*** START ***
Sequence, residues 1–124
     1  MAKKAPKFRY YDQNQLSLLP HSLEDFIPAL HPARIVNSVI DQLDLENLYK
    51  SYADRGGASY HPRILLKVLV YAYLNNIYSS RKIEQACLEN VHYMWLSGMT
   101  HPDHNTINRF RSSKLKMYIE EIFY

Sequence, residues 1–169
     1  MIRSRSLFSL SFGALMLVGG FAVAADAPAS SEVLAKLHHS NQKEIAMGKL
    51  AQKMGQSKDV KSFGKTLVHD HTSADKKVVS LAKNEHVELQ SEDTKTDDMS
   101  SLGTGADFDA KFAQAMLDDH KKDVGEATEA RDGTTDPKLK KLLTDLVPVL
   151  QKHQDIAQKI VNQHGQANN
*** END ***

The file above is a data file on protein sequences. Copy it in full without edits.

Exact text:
Sequence, residues 1–124
     1  MAKKAPKFRY YDQNQLSLLP HSLEDFIPAL HPARIVNSVI DQLDLENLYK
    51  SYADRGGASY HPRILLKVLV YAYLNNIYSS RKIEQACLEN VHYMWLSGMT
   101  HPDHNTINRF RSSKLKMYIE EIFY

Sequence, residues 1–169
     1  MIRSRSLFSL SFGALMLVGG FAVAADAPAS SEVLAKLHHS NQKEIAMGKL
    51  AQKMGQSKDV KSFGKTLVHD HTSADKKVVS LAKNEHVELQ SEDTKTDDMS
   101  SLGTGADFDA KFAQAMLDDH KKDVGEATEA RDGTTDPKLK KLLTDLVPVL
   151  QKHQDIAQKI VNQHGQANN